The Washington Post reports today that “More than 100 million people are being driven deeper into poverty by a “silent tsunami” of sharply rising food prices, which have sparked riots around the world and threaten UN-backed feeding programs for 20 million children,” according to the director of the World Food Program (WFP). The article reports that the WFP is running out of funds and may cut back on school feeding programs.
The WFP Director explained that because of rapidly rising food prices, “Those living on less than $1 a day were giving up meat and vegetables, and those living on less than 50 cents were facing increasingly desperate hunger.” WFP food rations are depicted in the WFP ‘red cup’ photo seen below.
What are the implications for malaria?
In Mozambique, Bassat et al. (2008) found that. “For children aged eight months to four years, the risk factors [for dying from with malaria] were malnutrition, hypoglycaemia, chest indrawing, inability to sit and a history of vomiting.” In Tanzania Sunguya et al. (Tanzania Health Research Bulletin, 2006) found that, “coinfections [such as malaria] complicate the management of severe malnutrition and are associated with higher death rate.”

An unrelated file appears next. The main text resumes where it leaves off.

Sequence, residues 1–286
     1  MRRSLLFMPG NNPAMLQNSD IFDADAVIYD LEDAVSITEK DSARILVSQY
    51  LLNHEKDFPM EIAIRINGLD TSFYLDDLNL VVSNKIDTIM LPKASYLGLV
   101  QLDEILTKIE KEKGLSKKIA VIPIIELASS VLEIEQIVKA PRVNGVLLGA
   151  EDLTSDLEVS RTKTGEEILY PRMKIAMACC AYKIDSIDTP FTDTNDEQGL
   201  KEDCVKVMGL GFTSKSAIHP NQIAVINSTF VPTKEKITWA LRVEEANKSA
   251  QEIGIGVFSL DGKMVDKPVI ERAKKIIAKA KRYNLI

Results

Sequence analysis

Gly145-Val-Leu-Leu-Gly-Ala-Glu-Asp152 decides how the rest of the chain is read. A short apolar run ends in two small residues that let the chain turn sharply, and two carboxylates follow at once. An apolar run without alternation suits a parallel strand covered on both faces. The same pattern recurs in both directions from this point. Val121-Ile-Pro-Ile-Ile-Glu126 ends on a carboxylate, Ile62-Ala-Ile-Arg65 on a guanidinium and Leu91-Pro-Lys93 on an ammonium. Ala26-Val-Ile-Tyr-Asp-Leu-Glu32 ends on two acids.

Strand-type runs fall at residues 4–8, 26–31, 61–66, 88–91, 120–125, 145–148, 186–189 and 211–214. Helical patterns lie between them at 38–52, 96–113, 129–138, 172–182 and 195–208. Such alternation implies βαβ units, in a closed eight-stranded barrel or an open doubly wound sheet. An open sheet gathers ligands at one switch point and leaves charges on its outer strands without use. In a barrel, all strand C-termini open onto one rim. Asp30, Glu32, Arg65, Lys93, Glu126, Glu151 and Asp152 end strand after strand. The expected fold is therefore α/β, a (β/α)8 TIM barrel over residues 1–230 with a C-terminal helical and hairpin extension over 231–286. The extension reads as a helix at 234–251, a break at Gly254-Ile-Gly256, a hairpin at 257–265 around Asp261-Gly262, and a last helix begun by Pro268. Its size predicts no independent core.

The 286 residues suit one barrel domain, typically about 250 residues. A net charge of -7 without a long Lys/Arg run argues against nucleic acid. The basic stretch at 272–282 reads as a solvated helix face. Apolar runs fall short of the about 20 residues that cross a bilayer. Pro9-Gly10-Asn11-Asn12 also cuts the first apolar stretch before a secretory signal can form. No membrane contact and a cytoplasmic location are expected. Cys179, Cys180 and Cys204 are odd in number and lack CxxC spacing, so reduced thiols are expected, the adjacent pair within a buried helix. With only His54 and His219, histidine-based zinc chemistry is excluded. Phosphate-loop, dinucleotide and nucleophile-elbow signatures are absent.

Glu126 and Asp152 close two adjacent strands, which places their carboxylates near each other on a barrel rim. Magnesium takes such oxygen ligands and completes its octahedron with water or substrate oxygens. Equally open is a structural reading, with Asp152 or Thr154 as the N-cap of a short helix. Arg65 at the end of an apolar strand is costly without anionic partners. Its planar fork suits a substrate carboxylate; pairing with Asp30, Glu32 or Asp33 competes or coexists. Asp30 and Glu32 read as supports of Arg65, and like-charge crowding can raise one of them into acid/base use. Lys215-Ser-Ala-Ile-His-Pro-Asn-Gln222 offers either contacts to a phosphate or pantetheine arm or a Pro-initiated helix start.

A review by Schaible and Kaufmann (2007) linked malnutrition with impaired immunity. They state that, “Malnourished children suffer in greater proportion from respiratory infections, infectious diarrhea, measles, and malaria, characterized by a protracted course and exacerbated disease. These malnourished children present with diminished functional T cell counts, increased undifferentiated lymphocyte numbers, and depressed serum complement activity.”
Whether the current food crises results from the international economic meltdown, global warming or diversion of food crops to make biofuels, the potential impact on mortality from malaria is serious. There has never been a greater need to link nutrition, agriculture policy and food aid with malaria programming. Vertical funding will not solve the problem.